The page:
How to Pass the ASVAB Test

The ASVAB was initially developed by U.S. Department of Defense in the late 1960s; however, it was not implemented until 1976. To date, more than 40 million individuals have taken the Armed Services Vocational Aptitude Battery (ASVAB).

What is the ASVAB Test?

The ASVAB test is an acronym used to describe the mandated Armed Services Vocational Aptitude Battery of tests given to individuals who are interested in entering one of the branches of the United States’ military services. The ASVAB is designed to measure the test-taker's qualifications before enlisting in a branch of the US military.  

The ASVAB (which is a sequence of tests) holds the distinction of being the most widely used set of tests in the entire world. Its primary function is to evaluate a candidate’s general aptitude and potential success in the military positions within the U.S. Military. Essentially, the score you earn on the ASVAB will likely determine your initial placement in the military services and even possible advancement opportunities.

Those who want to sit for the ASVAB should be aware that the only way to set up test-taking arrangements is through a military recruitment office. The ASVAB is offered at more than 60 Military Entrance Processing Centers (MEPS), as well as other test locations in federal buildings, etc. If you need to re-take the ASVAB, you must wait a minimum of one month before your second try. If you need a 3rd time, there is another month waiting period. Those who need a fourth attempt must wait at least six months for the retake.

The ASVAB Test Defined

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The ASVAB is comprised of 10 subsections that are crafted to carefully measure a test-taker’s academic prowess and technical aptitude. Four sections of the ASVAB determine if you meet the military’s general eligibility requirements.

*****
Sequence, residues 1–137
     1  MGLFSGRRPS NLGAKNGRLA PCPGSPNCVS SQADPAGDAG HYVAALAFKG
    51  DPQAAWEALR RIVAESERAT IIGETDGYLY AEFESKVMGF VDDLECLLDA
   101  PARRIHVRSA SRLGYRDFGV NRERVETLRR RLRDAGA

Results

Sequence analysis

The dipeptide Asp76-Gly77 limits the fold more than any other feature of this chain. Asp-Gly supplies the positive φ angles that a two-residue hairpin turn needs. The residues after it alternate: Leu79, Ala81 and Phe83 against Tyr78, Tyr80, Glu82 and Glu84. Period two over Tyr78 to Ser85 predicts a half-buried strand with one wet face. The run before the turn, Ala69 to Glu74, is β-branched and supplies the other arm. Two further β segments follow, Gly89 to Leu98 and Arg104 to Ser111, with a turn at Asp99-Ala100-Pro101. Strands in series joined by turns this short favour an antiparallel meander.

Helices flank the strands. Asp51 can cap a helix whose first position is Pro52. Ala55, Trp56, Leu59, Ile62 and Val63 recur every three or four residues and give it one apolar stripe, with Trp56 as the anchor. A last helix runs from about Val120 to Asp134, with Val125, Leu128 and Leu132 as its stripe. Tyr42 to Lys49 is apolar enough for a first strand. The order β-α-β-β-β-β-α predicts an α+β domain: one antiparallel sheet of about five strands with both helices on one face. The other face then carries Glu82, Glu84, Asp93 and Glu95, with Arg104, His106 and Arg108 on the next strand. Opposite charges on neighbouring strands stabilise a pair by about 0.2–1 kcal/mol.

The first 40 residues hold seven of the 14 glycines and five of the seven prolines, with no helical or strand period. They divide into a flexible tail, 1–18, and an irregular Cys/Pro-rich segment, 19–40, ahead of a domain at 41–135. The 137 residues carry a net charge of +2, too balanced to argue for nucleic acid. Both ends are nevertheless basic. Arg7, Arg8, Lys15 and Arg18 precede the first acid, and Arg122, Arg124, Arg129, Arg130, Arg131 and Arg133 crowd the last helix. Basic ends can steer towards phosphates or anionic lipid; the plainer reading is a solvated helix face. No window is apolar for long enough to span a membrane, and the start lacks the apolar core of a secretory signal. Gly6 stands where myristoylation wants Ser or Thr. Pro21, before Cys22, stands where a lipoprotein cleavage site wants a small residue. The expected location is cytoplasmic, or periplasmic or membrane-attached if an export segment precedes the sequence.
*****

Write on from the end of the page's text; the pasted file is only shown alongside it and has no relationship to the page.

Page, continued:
• Word Knowledge (WK)
  • Paragraph Comprehension (PC)
  • Math Knowledge (MK)
  • Arithmetic Reasoning (AR)

These four subsections are scored separately to calculate your Armed Forces Qualification Test (AFQT). The AFQT measures the test-taker’s basic knowledge. 

The rest of the subsections further determine the test-taker’s capabilities and skills. These scores help the military determine you’re your aptitude in clerical matters, mechanical maintenance, combat, surveillance, to name a few. The additional ASVAB subsections

  • General Science (GS)
  • Mechanical Comprehension (MC)
  • Auto/Shop Information (SI)
  • Electronics (EI)
  • Assembly of Objects (AO)
  • Automobile Knowledge Information (AI)

Remember, the higher you scores on the ASVAB, the more likely you will find that you are chosen for the specialty position that you prefer.

The ASVAB Testing Specifics

As noted above, the ASVAB is made up of ten subsections, each with a separate test. 

ASVAB Test Length

The ASVAB can be taken either on a computer or an old-fashioned paper test. The computer version (CAT-ASVAB) averages a completion time of 1 and ½ hours. The paper-based ASVAB (P&P ASVAB) averages a completion time that is near twice the average of the computer-based delivery. The large variation in time can be attributed to the fact that the computerized ASVAB allows examinees to self-pace themselves throughout all tests; whereas the paper version has all test-takers following one timing guideline at a time.